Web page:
It's a fairly warm day, so I expected to have a terrible run, but it wasn't bad: 28 laps in 84:20
, my third best time of the year.
Some organization had set out inflatable bouncy slides on Victory Field (around the perimeter of which Paul Bartley Track runs), and they had to run power cables for the inflation fans, and a water hose for the wet slide, across the track. This was slightly annoying, since once each lap I had to pay closer attention to my footing than I ordinarily must. But it was a very minor annoyance, and it was fun to watch the kids play on the slides.
I think I may have called Victory Field "Liberty Field" on a few prior occasions.
|Saturday, June 27th, 2015|
|Eighth run of 2015
This was a nice run, continuing the trend of very gradual improvement that is probably indistinguishable from random variation. 28 laps in 85:48
Usually, on Saturdays, Liberty Field is full of kids playing soccer. Today it was comparatively deserted.
|Saturday, June 20th, 2015|
|Seventh run of 2015
Just got back from the run I promised in my last post. Seven miles in 86:19
, a bit better than last week, but I think it was cooler, so it's not a real improvement. I really won't be able to improve, I think, unless I manage to get out more than once a week.
I think modern media is impeding real life sociality. I can't say "good-morning" to people with things in their ears; today that mostly meant I couldn't say "good-morning" to anybody at all.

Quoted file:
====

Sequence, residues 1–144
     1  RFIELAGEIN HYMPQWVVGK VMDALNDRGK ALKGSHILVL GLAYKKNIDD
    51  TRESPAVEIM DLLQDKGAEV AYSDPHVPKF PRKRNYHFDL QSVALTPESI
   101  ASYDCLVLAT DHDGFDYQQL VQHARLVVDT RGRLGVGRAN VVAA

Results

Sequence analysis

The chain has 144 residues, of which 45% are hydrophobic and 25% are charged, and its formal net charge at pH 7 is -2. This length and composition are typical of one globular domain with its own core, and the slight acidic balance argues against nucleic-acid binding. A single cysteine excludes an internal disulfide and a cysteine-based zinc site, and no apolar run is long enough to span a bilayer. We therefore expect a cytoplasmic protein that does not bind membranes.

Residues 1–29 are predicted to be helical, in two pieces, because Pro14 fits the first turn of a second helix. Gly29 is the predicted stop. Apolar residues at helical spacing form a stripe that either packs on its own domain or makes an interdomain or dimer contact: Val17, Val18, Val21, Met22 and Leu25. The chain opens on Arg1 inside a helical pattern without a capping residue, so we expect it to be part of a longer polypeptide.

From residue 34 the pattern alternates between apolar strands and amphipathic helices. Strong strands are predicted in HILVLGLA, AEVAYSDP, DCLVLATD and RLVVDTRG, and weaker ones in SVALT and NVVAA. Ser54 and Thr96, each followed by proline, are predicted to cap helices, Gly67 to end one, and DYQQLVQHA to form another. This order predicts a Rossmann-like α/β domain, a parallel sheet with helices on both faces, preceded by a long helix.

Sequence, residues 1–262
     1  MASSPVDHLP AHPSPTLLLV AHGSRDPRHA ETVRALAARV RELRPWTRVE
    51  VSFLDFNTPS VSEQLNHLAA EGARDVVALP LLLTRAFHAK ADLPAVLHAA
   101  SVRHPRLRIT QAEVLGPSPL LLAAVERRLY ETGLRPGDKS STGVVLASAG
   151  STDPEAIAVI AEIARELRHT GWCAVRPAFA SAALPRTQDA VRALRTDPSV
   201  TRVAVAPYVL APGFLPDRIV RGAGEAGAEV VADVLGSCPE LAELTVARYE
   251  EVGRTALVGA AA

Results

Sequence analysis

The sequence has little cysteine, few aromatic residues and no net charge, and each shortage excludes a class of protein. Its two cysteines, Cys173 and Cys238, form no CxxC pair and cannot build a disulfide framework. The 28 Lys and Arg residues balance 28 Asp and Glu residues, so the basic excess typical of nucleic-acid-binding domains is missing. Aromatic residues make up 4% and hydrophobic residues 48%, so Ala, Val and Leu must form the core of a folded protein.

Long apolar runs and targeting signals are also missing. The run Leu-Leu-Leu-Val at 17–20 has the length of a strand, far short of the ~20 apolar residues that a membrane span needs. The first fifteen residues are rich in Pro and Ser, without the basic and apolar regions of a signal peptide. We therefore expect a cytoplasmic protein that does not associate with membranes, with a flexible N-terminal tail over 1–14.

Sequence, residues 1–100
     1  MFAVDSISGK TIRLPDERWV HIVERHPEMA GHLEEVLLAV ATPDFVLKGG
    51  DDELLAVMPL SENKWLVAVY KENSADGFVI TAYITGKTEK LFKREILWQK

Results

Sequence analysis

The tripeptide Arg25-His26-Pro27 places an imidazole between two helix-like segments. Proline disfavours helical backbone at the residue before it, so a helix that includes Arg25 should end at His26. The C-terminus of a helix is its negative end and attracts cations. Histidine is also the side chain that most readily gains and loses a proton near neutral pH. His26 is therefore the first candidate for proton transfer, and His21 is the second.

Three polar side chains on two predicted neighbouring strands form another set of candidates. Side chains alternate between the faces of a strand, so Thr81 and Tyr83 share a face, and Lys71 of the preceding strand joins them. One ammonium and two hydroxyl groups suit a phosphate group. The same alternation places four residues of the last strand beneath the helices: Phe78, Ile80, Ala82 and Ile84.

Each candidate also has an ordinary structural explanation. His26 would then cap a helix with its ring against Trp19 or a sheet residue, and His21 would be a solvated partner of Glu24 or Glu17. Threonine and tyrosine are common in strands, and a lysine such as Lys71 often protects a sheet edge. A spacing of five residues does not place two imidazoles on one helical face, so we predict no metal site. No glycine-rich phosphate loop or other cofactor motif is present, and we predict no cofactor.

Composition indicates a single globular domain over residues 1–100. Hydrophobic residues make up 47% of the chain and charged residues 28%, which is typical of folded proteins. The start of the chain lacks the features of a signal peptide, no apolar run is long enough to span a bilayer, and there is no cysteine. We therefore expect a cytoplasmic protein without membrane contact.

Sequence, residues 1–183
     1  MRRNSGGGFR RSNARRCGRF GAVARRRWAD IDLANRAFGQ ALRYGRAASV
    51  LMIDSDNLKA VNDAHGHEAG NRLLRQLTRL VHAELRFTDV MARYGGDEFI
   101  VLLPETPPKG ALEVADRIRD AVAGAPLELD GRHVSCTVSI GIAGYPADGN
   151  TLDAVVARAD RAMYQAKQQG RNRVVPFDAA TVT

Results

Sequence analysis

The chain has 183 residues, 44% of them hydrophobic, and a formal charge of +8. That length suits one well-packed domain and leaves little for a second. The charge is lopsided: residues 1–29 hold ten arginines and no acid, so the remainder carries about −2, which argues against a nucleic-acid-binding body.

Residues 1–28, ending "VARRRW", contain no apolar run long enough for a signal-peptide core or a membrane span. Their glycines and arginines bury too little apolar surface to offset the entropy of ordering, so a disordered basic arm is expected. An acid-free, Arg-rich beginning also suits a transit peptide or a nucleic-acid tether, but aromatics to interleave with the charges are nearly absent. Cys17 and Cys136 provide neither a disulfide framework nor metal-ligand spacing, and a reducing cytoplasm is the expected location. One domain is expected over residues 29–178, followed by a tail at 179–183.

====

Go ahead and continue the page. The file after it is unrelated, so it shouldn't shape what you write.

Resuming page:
|Sixth run of 2015
I did go out last weekend, but neglected to blog it for some reason. I think it was Sunday the 14th. It was hottish weather and a slow run, 28 laps 91:17
, but it didn't feel bad. For about 8 laps near the end, a young woman stayed ahead of me, not running, nor even power-walking, but simply walking briskly. I wondered whether I could go faster
by dropping to a walk, but I decided that I was exercising the way I wanted to exercise, and that continuing to run would be better for my training in the long term. Probably it didn't matter.
Now I'm getting ready to head out for another one. I still haven't been managing midweek runs at all; not getting up early enough.
|Sunday, June 7th, 2015|
|Fifth run of 2015
28 laps in 86:48
, which is quite a setback from the last few runs. Obviously I can't expect to improve if I only run once a week, but I've been worrying about some hip soreness, and waited for it to get mostly better before running on it again. I hope it doesn't keep me from running a lot this summer; otherwise I really will have to get it cared for, and my expectations for the kind of care I can expect are not high.